Tax Deduct Your Vaction ?
Essex & Associates::www.essexinc.biz August 17, 2011
Tax Tips on Combining Business and Pleasure
You can deduct the costs of good times if the trip is mainly for business.
Now that the dog days of August are upon us, it might be a good idea to get pencil and paper in hand for some strategizing that can combine a few tax-friendly vacation days with that business trip you've been planning.
As it happens, U.S. tax laws can provide executives, business owners as well as employees with a range of opportunities to do just that. Although business is business and pleasure is pleasure, the tax code does not always adhere to absolutes.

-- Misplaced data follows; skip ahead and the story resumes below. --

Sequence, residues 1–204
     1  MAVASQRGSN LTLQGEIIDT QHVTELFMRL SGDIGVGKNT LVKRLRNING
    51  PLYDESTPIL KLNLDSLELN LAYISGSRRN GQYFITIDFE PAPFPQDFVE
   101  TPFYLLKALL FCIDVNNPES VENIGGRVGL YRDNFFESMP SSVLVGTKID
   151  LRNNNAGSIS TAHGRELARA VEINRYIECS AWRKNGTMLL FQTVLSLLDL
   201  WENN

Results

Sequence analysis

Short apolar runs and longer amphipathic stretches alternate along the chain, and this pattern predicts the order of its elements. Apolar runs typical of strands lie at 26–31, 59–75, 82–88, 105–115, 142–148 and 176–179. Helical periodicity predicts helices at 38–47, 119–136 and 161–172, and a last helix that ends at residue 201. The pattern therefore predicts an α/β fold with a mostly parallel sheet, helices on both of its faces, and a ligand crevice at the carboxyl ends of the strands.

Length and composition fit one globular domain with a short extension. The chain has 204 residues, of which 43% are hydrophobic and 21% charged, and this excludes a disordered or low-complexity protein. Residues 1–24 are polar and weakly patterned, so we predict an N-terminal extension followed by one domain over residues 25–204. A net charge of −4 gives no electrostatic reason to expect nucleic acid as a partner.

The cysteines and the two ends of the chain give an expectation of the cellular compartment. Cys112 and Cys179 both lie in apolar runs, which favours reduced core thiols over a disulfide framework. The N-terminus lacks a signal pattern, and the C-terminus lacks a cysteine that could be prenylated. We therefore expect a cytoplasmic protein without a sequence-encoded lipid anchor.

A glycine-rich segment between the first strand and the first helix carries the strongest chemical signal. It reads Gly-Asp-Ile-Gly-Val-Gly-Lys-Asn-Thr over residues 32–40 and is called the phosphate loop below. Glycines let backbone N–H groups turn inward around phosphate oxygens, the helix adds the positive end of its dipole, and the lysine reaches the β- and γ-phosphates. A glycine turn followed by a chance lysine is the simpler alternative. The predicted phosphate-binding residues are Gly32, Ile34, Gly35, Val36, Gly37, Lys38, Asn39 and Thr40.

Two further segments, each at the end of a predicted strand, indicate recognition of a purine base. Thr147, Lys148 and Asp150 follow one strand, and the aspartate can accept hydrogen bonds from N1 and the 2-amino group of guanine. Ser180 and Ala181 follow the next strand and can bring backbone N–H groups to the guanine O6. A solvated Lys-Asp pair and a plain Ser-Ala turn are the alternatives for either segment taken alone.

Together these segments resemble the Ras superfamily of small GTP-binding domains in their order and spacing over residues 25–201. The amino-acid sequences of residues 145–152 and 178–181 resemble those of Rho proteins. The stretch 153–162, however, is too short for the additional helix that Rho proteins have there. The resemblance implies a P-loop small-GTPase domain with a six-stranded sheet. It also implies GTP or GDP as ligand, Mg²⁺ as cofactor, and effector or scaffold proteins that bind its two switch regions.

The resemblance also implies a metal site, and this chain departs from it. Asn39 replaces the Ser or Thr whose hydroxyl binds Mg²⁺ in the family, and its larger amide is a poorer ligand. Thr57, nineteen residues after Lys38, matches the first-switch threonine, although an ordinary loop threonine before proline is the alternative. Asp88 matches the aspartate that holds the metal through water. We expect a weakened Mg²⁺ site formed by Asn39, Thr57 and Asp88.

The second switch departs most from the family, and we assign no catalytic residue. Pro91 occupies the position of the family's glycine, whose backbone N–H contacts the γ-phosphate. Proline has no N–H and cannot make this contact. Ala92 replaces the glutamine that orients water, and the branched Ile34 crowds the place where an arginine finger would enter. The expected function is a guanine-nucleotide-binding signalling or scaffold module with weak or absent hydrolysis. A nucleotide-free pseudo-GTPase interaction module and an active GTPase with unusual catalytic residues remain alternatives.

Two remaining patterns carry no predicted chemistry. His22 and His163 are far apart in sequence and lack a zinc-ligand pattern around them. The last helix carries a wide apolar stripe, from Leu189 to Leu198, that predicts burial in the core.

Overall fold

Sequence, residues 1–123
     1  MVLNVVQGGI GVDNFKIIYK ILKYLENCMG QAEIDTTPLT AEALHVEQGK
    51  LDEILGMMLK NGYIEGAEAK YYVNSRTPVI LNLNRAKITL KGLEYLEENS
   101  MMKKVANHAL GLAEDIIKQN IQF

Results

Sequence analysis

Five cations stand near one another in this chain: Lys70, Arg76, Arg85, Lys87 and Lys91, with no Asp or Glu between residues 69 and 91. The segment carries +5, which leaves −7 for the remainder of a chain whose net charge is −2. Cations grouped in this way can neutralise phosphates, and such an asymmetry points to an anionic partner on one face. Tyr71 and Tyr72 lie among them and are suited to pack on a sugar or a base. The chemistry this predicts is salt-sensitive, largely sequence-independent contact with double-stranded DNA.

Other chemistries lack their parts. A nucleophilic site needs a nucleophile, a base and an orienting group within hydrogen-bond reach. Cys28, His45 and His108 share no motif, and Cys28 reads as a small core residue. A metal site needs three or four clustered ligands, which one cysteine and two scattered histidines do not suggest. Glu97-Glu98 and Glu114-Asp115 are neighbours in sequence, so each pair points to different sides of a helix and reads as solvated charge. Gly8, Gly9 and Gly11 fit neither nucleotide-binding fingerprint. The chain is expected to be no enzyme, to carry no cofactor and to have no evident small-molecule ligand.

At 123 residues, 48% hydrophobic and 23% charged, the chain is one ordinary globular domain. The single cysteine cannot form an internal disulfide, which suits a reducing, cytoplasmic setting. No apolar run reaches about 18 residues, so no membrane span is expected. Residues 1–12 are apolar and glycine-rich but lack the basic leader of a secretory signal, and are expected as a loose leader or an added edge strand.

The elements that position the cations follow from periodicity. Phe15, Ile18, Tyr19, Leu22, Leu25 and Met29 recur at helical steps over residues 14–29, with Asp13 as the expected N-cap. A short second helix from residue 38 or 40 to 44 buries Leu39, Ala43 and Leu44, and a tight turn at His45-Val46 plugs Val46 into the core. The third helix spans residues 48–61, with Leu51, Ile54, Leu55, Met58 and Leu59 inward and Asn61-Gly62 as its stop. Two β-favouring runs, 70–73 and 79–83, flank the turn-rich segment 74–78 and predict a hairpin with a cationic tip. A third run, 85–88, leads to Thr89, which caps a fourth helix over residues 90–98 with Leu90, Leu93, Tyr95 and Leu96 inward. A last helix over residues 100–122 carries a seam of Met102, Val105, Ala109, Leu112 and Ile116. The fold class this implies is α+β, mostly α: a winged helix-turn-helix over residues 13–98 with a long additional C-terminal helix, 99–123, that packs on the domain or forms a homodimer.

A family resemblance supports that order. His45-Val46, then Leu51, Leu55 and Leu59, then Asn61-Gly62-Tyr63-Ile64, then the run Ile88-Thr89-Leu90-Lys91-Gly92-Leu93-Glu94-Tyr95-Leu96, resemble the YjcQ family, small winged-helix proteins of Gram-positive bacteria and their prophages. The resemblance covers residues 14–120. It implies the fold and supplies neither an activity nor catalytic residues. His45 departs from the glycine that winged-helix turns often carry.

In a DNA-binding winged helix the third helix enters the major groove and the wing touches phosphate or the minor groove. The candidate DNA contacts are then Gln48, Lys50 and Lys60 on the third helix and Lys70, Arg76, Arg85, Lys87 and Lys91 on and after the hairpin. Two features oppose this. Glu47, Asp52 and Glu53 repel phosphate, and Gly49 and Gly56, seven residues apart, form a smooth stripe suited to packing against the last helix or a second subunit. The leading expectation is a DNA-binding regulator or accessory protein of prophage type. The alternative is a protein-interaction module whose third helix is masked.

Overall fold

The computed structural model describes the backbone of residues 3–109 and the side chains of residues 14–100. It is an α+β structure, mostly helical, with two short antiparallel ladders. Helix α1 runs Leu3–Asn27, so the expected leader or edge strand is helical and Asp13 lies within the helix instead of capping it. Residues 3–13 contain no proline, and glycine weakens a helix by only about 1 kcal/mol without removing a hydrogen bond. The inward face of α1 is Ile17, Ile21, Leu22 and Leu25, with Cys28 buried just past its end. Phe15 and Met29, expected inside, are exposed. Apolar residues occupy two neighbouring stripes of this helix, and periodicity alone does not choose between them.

The key is to properly combine and document business and personal travel. For instance, when a few vacation days are added onto what's essentially a business trip within the United States, business-related travel costs are usually deductible. Actual transportation expenses such as cab, rail, and plane fares and baggage fees and tips are deductible for out-of-town business.
The bottom line, is that transportation costs are 100% deductible – as long as the main reason for your trip is business rather than pleasure
How do you determine that the primary reason is business? The Internal Revenue Service is silent on the question. But the number of days spent on business as compared with pleasure can be a key factor in its rulings. Travel days, weekends, and holidays may count if they fall between days devoted to business and if returning home won't be practical.
What happens when you get to that sunny clime? You can fully deduct such out-of-pocket business costs as lodging, hotel tips, seminar and convention fees, and cab fare.
Wayne T. Essex Ph.D.
Essex & Associates
Tax, Accounting, HR, Payroll
7501 Paragon Road
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